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Chinese courts find Gionee guilty for implanting malware in its 20 million smartphones

By Liu Hongzuo - on 7 Dec 2020, 1:01pm

Chinese courts find Gionee guilty for implanting malware in its 20 million smartphones

Gionee F8 Neo.

Between December 2018 and October 2019, more than 20 million Gionee smartphones carried malware programmed to help unscrupulous e-advertising platforms rake in money for user interaction (real interaction or otherwise). The scummiest part of it all? The malware was installed by the phone maker itself.

China Judgment Document Network, the online publication that documents Chinese court rulings, found Shenzhen Zhipu Technology Co., Ltd. guilty of controlling IT systems without user permission or knowledge. Four of its defendants were held accountable and are sentenced to a jail term averaging three years to three years six months, on top of a CNY200,000 (~S$40,000) fine each. Shenzhen Zhipu Technology Co., Ltd. is a subsidiary of Shenzhen Gionee Communication Equipment Co., Ltd., with Gionee owning 85% of shares. Its accomplice was Beijing Baice Technology Co., Ltd.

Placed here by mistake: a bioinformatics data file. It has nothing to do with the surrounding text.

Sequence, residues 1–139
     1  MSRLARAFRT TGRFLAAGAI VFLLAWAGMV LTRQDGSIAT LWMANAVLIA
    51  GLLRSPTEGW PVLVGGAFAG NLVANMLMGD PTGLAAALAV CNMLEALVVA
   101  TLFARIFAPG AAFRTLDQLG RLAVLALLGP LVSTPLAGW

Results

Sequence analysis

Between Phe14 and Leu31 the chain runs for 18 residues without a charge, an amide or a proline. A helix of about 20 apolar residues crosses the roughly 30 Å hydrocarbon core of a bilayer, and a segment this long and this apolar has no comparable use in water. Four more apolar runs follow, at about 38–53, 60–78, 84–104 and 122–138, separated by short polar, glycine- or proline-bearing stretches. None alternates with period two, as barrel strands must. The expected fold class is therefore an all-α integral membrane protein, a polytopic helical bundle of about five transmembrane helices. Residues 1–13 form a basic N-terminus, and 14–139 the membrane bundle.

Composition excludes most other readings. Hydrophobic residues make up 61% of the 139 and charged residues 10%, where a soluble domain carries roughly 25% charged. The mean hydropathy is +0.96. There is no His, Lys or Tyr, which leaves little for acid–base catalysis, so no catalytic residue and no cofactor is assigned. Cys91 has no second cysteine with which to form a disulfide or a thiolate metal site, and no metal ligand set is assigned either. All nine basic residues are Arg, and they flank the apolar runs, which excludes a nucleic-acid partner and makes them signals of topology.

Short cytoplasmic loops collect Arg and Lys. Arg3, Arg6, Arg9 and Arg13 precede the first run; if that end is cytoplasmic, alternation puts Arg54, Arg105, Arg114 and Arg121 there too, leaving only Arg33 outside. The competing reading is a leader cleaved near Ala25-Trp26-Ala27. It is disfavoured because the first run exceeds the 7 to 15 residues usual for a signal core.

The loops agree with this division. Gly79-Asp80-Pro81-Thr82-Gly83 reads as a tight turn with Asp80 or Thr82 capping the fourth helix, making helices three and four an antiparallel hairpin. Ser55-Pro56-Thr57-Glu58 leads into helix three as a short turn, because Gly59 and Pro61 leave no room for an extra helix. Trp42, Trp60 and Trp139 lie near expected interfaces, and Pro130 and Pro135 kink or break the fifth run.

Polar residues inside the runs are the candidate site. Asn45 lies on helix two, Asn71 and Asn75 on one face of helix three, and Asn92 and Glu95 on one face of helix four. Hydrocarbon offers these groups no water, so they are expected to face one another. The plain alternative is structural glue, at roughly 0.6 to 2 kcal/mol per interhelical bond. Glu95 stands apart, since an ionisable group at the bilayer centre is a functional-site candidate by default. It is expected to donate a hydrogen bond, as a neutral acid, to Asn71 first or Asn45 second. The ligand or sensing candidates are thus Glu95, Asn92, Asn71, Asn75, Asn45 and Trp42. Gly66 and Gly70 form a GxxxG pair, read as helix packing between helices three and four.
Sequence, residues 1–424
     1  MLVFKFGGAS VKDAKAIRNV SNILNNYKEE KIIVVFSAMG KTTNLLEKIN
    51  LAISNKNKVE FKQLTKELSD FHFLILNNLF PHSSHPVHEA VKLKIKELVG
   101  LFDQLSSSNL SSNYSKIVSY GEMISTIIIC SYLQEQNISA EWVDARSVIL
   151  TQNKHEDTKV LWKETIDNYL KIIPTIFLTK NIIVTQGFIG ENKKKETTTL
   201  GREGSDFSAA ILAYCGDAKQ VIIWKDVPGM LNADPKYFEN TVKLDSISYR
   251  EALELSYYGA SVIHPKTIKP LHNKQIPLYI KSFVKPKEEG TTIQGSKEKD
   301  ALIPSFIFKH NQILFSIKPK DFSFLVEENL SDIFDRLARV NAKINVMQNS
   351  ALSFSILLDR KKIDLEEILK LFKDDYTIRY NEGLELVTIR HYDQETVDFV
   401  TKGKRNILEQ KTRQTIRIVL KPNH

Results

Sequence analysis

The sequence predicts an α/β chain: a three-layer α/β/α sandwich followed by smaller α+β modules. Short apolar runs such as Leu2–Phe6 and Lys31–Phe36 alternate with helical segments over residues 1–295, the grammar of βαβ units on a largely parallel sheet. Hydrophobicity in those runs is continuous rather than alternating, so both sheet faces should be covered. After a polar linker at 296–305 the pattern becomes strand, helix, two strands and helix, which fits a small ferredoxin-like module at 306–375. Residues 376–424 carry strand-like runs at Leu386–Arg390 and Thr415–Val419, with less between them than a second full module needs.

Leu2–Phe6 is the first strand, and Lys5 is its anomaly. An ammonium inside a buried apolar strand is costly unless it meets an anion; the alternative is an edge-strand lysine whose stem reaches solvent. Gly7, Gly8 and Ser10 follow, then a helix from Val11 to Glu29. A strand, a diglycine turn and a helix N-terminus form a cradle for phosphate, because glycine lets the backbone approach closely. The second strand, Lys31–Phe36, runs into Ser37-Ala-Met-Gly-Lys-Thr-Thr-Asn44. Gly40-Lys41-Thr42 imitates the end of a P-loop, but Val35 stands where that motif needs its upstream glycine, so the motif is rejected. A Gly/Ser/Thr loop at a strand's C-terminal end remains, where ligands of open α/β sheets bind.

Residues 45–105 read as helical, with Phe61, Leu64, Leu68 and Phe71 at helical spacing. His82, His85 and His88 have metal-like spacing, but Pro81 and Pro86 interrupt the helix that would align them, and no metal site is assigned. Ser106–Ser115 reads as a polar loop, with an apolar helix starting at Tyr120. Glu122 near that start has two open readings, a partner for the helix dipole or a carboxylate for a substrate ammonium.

The detected malware is none other than the Lock Screen functionality itself. Source: cnBeta.

According to court details, Gionee phones were already serving malicious adware and malware before December 2018, but Beijing Baice Technology felt that then-technology was inefficient. To earn more money from unsuspecting users, both companies needed a piece of a software that executed "pull activities" that resembled interaction with online advertising installed onto the phones. The interactions would pay both Gionee and its partner company for successfully serving the installed ads.

As a result, the companies updated Gionee smartphones over-the-air with a trojan horse update under the guise of updating its lock screen. This upgraded the malware within the devices, and were more effective at "pulling". In the 10 months (December 2018 to October 2019), 21.75 million Gionee phones were infected, and both companies raked in CNY27.85 million (S$5.68 million) from serving ads and using the phone's resources to simulate real user interaction with ads.

Source: cnBeta via GizmoChina

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